[QODLink]
Formula One
F1 keeping an eye on Bahrain developments
Bernie Ecclestone made a difficult decision to cancel Bahrain GP but now concerns are growing over next season's race.
Last Modified: 08 Oct 2011 14:50
Fernando Alonso of Ferrari celebrates winning the Bahrain Formula One Grand Prix in 2010 [GALLO/GETTY] 

Formula One teams are keeping a wary eye on the situation in Bahrain with the Gulf kingdom due to host a grand prix next April after this year's was cancelled due to civil unrest.

"Obviously it's worrying when you hear the type of news that's come out of Bahrain," said Christian Horner, principal of champions Red Bull, at the Japanese Grand Prix.

"But I think that (Formula One supremo) Bernie (Ecclestone) more than anybody probably is acutely aware of the situation there and when the time is right for difficult decisions that have to be made he's demonstrated that he's not afraid of making them."

The island's Shi'ite majority want more political rights and an end to what they say is discrimination by the Sunni-ruled monarchy that put down a pro-democracy uprising this year.

Many Shi'ite areas are seeing almost nightly trouble with the police and a teenager died from shotgun pellet wounds after clashes with police on Thursday.

Around 30 people, mainly Shi'ites, died when the protest movement erupted in February and there has been further tension after 20 doctors and medical staff were recently sentenced to jail terms of up to 15 years by a military court.

Premier sporting event

Bahrain is scheduled to host the fourth round of the championship next April 22.

The race is the country's biggest and most prestigious sporting event and would have been the season-opener this year, but was first postponed and then cancelled after months of debate and a failed attempt to reinstate it.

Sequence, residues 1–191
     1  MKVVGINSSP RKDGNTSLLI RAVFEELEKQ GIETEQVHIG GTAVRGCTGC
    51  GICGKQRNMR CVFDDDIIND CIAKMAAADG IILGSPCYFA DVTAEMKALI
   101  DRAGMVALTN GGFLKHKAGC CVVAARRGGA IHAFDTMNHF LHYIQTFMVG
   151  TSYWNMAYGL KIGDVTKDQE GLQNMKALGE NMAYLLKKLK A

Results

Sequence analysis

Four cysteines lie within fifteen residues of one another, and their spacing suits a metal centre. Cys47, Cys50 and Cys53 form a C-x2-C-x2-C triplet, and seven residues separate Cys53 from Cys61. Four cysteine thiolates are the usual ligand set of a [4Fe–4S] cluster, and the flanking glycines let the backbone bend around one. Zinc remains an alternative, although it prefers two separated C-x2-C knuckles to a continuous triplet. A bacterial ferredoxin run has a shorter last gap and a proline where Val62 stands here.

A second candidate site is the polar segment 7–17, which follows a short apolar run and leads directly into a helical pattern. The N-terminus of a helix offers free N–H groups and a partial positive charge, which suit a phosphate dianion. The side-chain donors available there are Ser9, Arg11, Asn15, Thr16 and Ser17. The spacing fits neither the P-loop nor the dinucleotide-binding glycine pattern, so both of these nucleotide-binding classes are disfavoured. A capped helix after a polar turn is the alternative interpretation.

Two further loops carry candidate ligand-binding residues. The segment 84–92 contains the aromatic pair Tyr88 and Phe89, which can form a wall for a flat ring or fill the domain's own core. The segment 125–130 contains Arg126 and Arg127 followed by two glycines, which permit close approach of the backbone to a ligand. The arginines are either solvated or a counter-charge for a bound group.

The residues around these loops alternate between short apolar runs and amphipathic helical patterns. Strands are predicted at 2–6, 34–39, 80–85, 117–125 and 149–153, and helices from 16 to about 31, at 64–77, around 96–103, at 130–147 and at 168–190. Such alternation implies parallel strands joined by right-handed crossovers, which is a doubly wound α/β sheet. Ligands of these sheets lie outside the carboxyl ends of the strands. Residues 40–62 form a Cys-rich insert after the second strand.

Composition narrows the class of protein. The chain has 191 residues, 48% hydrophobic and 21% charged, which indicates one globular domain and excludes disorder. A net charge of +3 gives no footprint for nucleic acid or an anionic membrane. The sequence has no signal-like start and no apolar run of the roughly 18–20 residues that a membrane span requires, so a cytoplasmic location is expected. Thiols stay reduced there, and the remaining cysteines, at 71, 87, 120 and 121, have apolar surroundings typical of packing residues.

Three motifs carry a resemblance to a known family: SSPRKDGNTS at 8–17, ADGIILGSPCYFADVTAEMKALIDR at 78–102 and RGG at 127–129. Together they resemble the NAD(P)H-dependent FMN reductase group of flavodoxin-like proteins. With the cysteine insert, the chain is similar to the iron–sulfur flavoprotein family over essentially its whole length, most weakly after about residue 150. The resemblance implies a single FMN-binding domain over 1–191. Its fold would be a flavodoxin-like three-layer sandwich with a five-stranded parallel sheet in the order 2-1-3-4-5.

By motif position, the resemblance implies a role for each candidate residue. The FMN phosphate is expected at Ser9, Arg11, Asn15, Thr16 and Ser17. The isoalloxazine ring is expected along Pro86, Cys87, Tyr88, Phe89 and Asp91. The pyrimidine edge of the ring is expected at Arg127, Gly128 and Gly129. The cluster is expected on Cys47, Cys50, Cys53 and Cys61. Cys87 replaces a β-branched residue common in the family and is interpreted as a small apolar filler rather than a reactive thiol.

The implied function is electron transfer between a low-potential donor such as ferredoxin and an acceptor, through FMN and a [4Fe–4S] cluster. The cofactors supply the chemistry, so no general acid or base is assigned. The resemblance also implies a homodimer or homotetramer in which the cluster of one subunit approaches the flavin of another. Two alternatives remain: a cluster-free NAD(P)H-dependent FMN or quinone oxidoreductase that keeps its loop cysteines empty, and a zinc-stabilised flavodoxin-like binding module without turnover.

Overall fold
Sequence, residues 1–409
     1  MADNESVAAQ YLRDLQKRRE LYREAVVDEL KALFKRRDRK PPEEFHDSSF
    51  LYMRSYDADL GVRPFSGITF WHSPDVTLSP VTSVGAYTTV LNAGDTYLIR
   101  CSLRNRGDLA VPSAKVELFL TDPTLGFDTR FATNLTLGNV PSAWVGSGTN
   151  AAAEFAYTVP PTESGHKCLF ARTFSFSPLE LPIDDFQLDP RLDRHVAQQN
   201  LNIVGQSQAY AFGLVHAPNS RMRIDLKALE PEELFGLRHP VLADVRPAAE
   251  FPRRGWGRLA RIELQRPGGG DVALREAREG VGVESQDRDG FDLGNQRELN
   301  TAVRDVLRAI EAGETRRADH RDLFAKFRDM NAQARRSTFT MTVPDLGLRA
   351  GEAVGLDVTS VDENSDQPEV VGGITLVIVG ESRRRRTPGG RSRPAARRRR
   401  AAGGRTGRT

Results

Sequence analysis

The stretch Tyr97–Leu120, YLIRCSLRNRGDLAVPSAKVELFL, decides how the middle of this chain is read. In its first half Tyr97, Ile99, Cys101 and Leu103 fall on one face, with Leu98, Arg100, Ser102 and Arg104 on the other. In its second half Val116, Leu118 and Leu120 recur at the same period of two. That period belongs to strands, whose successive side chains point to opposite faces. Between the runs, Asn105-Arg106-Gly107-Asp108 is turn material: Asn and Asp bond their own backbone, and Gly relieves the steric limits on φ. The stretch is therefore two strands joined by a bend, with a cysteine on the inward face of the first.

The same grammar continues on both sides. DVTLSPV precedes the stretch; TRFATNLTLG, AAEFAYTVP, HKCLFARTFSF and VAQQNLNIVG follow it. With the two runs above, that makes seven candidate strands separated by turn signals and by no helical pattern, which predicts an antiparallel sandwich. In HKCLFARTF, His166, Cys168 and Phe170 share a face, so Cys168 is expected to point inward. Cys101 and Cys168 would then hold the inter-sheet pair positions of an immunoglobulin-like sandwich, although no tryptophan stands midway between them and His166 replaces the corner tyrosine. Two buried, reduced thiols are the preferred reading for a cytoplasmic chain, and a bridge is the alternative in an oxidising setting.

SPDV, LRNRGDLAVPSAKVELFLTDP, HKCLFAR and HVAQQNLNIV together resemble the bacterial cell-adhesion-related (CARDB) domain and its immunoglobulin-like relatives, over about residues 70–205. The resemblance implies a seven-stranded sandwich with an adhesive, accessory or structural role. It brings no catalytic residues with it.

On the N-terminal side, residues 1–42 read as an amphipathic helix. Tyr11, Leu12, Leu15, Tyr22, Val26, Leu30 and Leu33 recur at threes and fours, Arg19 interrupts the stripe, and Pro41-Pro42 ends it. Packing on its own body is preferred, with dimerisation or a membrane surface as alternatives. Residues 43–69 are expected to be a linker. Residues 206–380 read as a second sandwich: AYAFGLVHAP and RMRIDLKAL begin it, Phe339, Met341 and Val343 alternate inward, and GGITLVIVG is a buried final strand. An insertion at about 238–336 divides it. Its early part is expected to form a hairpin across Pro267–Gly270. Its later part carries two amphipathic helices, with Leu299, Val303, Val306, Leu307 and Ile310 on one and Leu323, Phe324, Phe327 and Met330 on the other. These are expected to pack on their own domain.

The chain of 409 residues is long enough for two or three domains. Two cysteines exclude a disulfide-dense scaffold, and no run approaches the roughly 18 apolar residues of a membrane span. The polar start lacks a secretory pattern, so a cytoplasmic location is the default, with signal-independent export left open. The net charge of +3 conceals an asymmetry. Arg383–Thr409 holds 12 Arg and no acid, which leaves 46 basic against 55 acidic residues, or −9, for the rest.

"Bahrain is part of Formula One for many years, they have invested in Formula One and we like to go there and it's part of the show now. So we want to be back. But not at any price"

Renault boss Eric Boullier

Horner said there would be plenty of opportunity for the governing FIA and Ecclestone to assess the viability of the race before the end of the year.

"I think the right decision was made this year, I'm sure if there is a difficult decision to make again, I'm sure that decision won't be left so long next time," he said.

Renault team boss Eric Boullier said Bahrain should be given as much time as possible, however.

"On the human side, it's not nice to see all these problems," he said.

"We keep an eye on it. On the sport side, we want to be back in Bahrain, clearly. We have not changed our position from last year.

"Bahrain is part of Formula One for many years, they have invested in Formula One and we like to go there and it's part of the show now. So we want to be back. But not at any price."

Source:
Reuters
Topics in this article
People
Country
Organisation
Featured on Al Jazeera
UNHCR says hundreds of people trapped in Yaloke town risk death if they are not evacuated to safety urgently.
'Justice for All' demonstrations swell across the US over the deaths of African Americans in police encounters.
Six former Guantanamo detainees are now free in Uruguay with some hailing the decision to grant them asylum.
Disproportionately high number of Aboriginal people in prison highlights inequality and marginalisation, critics say.
Featured
Long-standing dispute over Christian use of the word 'Allah' raises concerns about a very un-Merry Christmas.
The threat posed by ISIL has prompted thousands of young Kurds to join the PKK.
Baja California - with its own grim history of disappeared people - finds a voice in the fight against violence.
Russian feminist rockers fight system holding 700,000 - the world's largest per capita prison population after the US.
Weeks of growing protests against Muslims continue in Dresden with 15,000 hitting the streets last Monday.